One of retirement plan sponsors’ most important duties is to ensure the plan is in compliance with legal requirements. This is no easy task, especially for construction firms with high employee turnover.
The Employee Retirement Income Security Act (ERISA) and the Internal Revenue Code (IRC) have specific requirements that plan sponsors must follow, and the current regulatory environment has led to increased scrutiny of plan practices.
Department of Labor audits are on the rise for contractors. A company can help ensure it is complying with ERISA and IRC requirements by reviewing its plan annually and following administrative best practices. The following administrative best practices identify some of the most important requirements and other considerations construction firms should consider to help minimize fiduciary risk. While this is not a substitute for a thorough plan review, it can help business owners feel more confident they are doing all they can to effectively meet plan responsibilities.
Ensure the plan document is up to date and aligns with the company’s goals and objectives.
This is important because there are statutory deadlines for adopting changes to keep your plan within the law. Business owners may be able to use a prototype or a volume submitter document to provide assurance that the plan complies with the IRC and ERISA. Consider using an independent third party administrator (TPA) in lieu of a record keeper.
RUN THE PLAN OPERATIONS BASED ON THE TERMS OF THE PLAN DOCUMENT
It sounds obvious, but failure to follow plan terms is a top mistake, according to DOL auditors. Business owners are ultimately responsible for keeping the plan compliant. They should communicate any plan changes to all service providers, plan fiduciaries and staff on a regular basis to ensure accurate administration.
ADHERE TO TIMELY AND ACCURATE RECORDKEEPING AND PROCESSING OF CONTRIBUTIONS
Late or erratic deposit of employee deferrals and loan repayments is another top compliance mistake among contractors. Employee deferrals and loan repayments are required to be deposited in the plan as soon as it is reasonably possible to segregate them from the company’s assets. A good rule of thumb is to remit employee contributions three to five days from being withheld from an employee’s paycheck. Make the deposits sooner, if it’s possible. Be sure to be consistent among all payrolls and pay periods.
PROVIDE ONGOING PARTICIPANT EDUCATION
To comply with Section 404(c), plan sponsors must provide participants with enough information to make educated investment decisions. Ask the plan provider what plan communications (such as account statements, prospectuses, descriptions of fees and expenses) and participant education materials are included in plan fees.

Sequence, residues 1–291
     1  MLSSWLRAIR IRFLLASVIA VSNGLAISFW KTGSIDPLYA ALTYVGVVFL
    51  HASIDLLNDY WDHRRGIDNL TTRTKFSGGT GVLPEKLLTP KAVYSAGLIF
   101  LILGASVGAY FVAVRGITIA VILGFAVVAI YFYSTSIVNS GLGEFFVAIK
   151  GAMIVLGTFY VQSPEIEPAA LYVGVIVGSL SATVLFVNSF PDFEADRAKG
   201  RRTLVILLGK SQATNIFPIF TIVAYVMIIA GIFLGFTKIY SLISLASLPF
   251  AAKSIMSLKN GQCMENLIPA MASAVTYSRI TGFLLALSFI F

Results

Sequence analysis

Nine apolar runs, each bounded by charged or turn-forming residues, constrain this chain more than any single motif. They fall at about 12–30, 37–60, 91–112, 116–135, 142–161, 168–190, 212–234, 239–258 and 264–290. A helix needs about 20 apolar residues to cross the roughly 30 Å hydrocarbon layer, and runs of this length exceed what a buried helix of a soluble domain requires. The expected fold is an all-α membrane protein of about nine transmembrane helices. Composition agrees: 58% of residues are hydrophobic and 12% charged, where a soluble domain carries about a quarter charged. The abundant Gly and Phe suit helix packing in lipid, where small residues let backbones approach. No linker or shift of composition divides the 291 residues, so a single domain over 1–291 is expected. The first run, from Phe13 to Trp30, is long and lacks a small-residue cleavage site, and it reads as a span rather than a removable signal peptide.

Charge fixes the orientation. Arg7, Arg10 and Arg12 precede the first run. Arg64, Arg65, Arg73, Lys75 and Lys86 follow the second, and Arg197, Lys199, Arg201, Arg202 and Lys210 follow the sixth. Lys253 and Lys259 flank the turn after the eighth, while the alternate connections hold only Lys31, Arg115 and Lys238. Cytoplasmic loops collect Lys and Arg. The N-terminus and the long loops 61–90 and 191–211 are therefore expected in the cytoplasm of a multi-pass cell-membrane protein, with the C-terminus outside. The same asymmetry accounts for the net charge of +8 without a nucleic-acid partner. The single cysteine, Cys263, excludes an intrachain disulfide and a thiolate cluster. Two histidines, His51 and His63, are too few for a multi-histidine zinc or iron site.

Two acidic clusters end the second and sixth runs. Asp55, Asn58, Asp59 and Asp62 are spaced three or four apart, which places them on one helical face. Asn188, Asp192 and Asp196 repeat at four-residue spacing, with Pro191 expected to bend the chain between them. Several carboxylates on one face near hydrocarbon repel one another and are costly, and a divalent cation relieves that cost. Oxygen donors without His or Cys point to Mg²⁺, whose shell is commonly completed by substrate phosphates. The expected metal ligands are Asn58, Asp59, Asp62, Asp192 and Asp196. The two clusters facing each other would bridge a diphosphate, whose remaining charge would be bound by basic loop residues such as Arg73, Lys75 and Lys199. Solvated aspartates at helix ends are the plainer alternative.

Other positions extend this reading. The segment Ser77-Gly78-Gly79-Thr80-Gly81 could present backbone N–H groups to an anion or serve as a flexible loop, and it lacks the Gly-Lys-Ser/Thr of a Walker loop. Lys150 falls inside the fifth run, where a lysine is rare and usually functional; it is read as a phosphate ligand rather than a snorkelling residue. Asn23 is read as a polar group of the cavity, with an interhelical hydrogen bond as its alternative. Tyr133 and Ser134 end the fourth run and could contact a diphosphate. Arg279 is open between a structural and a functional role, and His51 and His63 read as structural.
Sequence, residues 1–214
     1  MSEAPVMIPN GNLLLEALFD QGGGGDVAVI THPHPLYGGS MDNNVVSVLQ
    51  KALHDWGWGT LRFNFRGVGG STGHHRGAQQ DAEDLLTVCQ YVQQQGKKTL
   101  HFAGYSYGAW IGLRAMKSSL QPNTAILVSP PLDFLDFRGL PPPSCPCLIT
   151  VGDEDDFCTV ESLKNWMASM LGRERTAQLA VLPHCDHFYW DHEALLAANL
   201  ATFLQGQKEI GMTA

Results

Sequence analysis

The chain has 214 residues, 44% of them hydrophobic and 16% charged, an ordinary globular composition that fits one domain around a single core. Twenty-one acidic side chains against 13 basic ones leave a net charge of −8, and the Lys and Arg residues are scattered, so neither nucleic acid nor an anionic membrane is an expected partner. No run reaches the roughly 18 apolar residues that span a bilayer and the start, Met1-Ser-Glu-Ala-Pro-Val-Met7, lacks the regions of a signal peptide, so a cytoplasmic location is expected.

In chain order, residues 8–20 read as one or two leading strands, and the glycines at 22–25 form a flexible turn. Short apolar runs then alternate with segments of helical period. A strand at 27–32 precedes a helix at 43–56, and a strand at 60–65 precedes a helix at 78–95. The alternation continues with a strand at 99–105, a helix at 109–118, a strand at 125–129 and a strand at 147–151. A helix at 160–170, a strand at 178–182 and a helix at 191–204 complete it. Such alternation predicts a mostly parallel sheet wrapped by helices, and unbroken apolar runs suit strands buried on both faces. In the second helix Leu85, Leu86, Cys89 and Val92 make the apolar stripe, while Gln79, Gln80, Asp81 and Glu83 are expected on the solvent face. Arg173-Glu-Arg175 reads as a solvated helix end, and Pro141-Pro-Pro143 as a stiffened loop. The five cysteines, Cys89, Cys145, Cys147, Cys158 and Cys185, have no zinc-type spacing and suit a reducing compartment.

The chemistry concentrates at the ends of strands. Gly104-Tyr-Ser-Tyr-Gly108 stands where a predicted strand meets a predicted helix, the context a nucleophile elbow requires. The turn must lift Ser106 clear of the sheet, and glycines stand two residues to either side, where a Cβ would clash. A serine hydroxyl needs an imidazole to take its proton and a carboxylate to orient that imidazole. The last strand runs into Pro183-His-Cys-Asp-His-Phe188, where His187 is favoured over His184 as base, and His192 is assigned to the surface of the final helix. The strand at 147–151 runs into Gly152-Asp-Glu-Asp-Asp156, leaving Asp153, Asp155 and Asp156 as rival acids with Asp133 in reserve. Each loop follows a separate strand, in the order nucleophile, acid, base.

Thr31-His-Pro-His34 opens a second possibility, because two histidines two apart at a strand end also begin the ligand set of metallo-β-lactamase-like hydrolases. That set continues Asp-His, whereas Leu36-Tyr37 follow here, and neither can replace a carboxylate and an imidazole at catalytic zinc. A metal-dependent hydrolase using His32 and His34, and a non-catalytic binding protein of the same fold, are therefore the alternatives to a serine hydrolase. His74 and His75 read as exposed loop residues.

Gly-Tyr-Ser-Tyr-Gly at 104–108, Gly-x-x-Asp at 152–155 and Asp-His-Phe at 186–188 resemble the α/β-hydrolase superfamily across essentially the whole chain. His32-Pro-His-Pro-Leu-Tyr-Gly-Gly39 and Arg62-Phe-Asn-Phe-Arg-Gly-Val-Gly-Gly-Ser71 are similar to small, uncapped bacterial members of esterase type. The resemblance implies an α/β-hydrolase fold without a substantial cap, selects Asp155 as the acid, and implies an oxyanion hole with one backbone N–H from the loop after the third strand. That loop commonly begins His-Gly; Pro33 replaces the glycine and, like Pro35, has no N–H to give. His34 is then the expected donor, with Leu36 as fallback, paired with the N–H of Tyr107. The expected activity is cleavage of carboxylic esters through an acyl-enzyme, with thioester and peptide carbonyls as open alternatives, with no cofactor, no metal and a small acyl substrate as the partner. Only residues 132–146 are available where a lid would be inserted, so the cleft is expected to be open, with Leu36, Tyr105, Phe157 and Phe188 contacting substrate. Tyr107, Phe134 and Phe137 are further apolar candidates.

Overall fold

ESTABLISH AND MAINTAIN A WRITTEN PLAN INVESTMENT POLICY
Although ERISA does not require such a document, this will help plan sponsors demonstrate that they follow a prudent process for choosing and evaluating plan investment options, if audited. Make sure to follow the investment policy statement and carefully monitor and benchmark plan investments at least annually. In addition, document when and why investment options are added to or removed from the fund menu.
SATISFY NONDISCRIMINATION TESTS
If a plan sponsor fails nondiscrimination testing and doesn’t take corrective action on a timely basis, it could result in the plan being disqualified. To avoid being disqualified, consider safe harbor provisions or automatic enrollment to help with testing. In addition, work with a TPA and other key parties to ensure all employees are classified on the year-end census correctly.
MONITOR PROVIDERS ON A REGULAR BASIS
Fiduciaries have a responsibility to ensure the services provided to their plan are necessary and the cost of services is reasonable. Business owners should ask their service providers for copies of their written service agreements. Also, issue a request for information or request for proposal at least every three to five years to ensure that you are receiving the most value. It’s a good idea to work with a plan advisor who is experienced in this process and is completely independent.
This list is not all-inclusive. It’s important for construction business owners to develop best practices that are tailored to their needs and the requirements of their specific retirement plan. The IRS’s 401(k) Plan Checklist and IRS 401(k) Fix-It Guide can help business owners establish their own guidelines.
If more information and guidance is needed on whether a plan is in good order, call a retirement plan advisor. An advisor not only knows the compliance territory, but also has the experience and expertise to help manage a quality retirement plan.